Comcast Corp.'s interference with Internet traffic has prompted a federal investigation and is at the center of calls for network neutrality laws, but another U.S. cable company appears to be doing the same thing without drawing scrutiny.
Of the 788 Comcast subscribers who participated in the study, 62 percent had their connections blocked. At Cox, 54 percent of subscribers examined were blocked, according to Krishna Gummadi at the Max Planck Institute for Software Systems in Saarbruecken, Germany. The institute examined the network connections of 8,175 Internet subscribers around the world.
Comcast is the country's second-largest Internet service provider, with 14.1 million subscribers. Cox is the fourth-largest, with 3.8 million; it is part of privately held Cox Enterprises Inc.
Comcast's practice of interfering with traffic was brought to light by user reports last year and confirmed by an Associated Press investigation in October.
Consumer advocacy groups and legal scholars criticized the interference, saying that letting a service provider selectively block some connections makes it a gatekeeper to the Internet, violating the network's open principles. Their complaints prompted the Federal Communications Commission to start an investigation, which is ongoing.
Legislation also has been introduced in Congress to guarantee net neutrality, or equal treatment of traffic by Internet service providers.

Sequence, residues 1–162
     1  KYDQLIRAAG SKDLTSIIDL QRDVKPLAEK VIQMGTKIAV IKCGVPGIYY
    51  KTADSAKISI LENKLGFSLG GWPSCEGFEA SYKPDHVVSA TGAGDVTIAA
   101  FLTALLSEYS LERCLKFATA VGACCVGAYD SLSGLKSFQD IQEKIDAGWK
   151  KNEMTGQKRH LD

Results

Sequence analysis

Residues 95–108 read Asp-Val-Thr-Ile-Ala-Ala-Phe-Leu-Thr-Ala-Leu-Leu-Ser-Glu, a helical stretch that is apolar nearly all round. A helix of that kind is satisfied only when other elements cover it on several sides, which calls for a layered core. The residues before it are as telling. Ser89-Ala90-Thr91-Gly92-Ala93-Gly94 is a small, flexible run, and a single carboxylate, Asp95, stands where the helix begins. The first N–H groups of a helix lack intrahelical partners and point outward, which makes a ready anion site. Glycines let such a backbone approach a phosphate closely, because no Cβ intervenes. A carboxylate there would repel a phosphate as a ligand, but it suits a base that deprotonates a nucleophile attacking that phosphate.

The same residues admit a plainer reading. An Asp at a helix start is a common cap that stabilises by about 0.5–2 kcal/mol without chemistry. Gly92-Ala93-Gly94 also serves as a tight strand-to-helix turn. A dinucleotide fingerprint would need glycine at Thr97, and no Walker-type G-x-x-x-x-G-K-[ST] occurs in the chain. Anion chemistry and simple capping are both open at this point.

"This research proves beyond a shadow of a doubt that consumers, Congress and the FCC must urgently pursue the complaints against network providers," said Ben Scott, policy director of Free Press, one of the groups that urged the FCC to fine Comcast.
File-sharing programs like BitTorrent, which let people exchange documents, songs, movies and other content, can be heavy users of Internet bandwidth.
Comcast maintains that hampering such programs helps ensure that traffic other than file sharing is not impeded by a few big users. The company says that it is delaying file transfers rather than blocking them. Even that will end later this year, Comcast said in March, as it pledged to stop the practice.
At least since 2006, Cox's subscriber agreement has noted that the company engages in "protocol filtering," which means it treats different types of Internet traffic, like Web surfing, e-mail and file sharing, differently.
Cox said Thursday that it takes such steps "to ensure the best possible online experience for our customers." But Cox denied that protocol filtering amounts to discrimination of any specific services.
The blocking observed by Gummadi's group occurs when a subscriber has downloaded a file using the BitTorrent application and tries to upload it, or share it with others, over the Internet. The main victims are the other Internet subscribers, who will not be able to download a file if a complete version is not available from someone else's computer.
Persistent attempts by file-sharing software to get through an Internet service provider's filtering may succeed after several minutes, as experienced in the Associated Press test last year. But Gummadi's test did not look at the duration of the traffic blocks.
Gummadi found signs of interference at seven other U.S. Internet providers, all of them cable companies.
© 2008 Associated Press